Arizona Paths is the most complete all about Arizona site, with tourist and tourism information, statistics, weather and climate, maps, business directory listings, and history and culture.

    Sign In

Tue Dec 12, 2017

Features >
  Articles >

Let It Snow, Rain, Pour, etc.

by Nick Coons
Jan 5, 2005

Unless you've been living under a rock for the past two weeks, you know that we've received a huge amount of rain recently, you know that Oak Creek in Sedona has quickly risen from 2-feet in depth to 16-feet closing down the bridge and Tlaquepaque, and you know that the Salt River
Salt River(so'lt RI'-ve'r)

The Salt River runs through south Phoenix to the northern part of the state. It has been dammed up in various locations creating several lakes used for Arizona's boating enthusists. The river got its name for the salty taste of its water. This was caused by the enormous amount of Salt Cedar trees that bank the river. These trees have a salty taste to both their leaves and roots.

is again flowing. And the best thing about all of this -- I predicted it.

Okay, I didn't predict the specific events, but I did generalize that this winter was going to be extremely wet. And this prediction came in an article about four months ago as we were finishing up the monsoon.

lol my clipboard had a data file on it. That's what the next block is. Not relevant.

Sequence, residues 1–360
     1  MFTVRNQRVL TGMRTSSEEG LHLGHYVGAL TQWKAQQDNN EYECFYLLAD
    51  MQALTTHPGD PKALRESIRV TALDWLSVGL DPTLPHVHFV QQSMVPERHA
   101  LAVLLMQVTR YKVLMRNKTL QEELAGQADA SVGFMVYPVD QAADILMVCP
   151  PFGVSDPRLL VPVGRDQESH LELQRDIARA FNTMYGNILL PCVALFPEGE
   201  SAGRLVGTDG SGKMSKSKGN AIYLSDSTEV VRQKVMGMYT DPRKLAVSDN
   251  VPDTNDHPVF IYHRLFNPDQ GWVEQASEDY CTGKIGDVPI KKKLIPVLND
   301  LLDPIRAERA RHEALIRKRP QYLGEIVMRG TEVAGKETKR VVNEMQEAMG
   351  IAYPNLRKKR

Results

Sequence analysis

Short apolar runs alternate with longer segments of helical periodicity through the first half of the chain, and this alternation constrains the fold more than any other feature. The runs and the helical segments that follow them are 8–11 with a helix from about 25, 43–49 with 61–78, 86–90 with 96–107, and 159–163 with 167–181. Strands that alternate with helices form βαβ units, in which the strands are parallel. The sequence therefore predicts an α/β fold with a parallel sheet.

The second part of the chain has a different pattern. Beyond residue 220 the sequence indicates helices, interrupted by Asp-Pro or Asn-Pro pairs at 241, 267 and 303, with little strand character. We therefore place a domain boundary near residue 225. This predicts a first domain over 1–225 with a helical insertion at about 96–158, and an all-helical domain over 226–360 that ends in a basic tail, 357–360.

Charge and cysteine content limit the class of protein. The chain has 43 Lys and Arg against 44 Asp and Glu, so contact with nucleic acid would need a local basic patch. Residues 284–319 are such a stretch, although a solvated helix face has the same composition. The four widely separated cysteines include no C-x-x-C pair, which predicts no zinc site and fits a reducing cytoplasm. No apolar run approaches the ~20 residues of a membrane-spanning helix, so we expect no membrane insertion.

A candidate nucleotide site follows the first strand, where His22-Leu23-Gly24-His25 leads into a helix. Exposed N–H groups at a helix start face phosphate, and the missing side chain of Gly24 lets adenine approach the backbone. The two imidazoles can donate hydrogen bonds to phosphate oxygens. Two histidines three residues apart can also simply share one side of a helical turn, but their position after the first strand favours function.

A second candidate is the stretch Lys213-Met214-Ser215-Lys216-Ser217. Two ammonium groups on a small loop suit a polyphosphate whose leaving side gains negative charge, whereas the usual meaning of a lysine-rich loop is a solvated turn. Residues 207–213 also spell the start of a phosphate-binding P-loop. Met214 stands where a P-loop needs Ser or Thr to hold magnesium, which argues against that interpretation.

The average rainfall in the Phoenix area is about 8" per year. Over the past eight years, we've been in a drought that has caused water shortages and has even caused lakes to almost completely evaporate. There is only a small amount of Roosevelt Lake
Roosevelt Lake(ROS-e'-ve'lt lak)

Roosevelt Lake spans 17,000 surface acres, with 89 miles of shoreline; this is the biggest lake in Central Arizona.

remaining, and other lakes are showing solid ground (and artifacts) that haven't been seen in 100 years since the lakes were first created by dams.

Here are a few interesting things to think about. During the course of this drought, we are approximately 20" behind. That's about 2.5" per year, which means that each year we've had rainfall of about 5.5", only about 2/3rds of normal.

In 2004, our rainfall was right around 8", which I believe is the first time in nearly a decade that we've hit normal rainfall levels. In addition, as this storm has continued throughout this week, we'll end up receiving around another 2". I think that's a good way to start the year, and I also think that we've hit the end of the drought. But I won't be so bold as to say that this storm is going to single-handedly rebound the missing 20".

If you get a chance and you're in the Phoenix area, I highly recommend visiting the Salt River
Salt River(so'lt RI'-ve'r)

The Salt River runs through south Phoenix to the northern part of the state. It has been dammed up in various locations creating several lakes used for Arizona's boating enthusists. The river got its name for the salty taste of its water. This was caused by the enormous amount of Salt Cedar trees that bank the river. These trees have a salty taste to both their leaves and roots.

. It should be flowing pretty heavily for the next couple of weeks as SRP continues to leave the floodgates open.

©Copyright 2001-2009, Arizona Paths
Glossary Site Map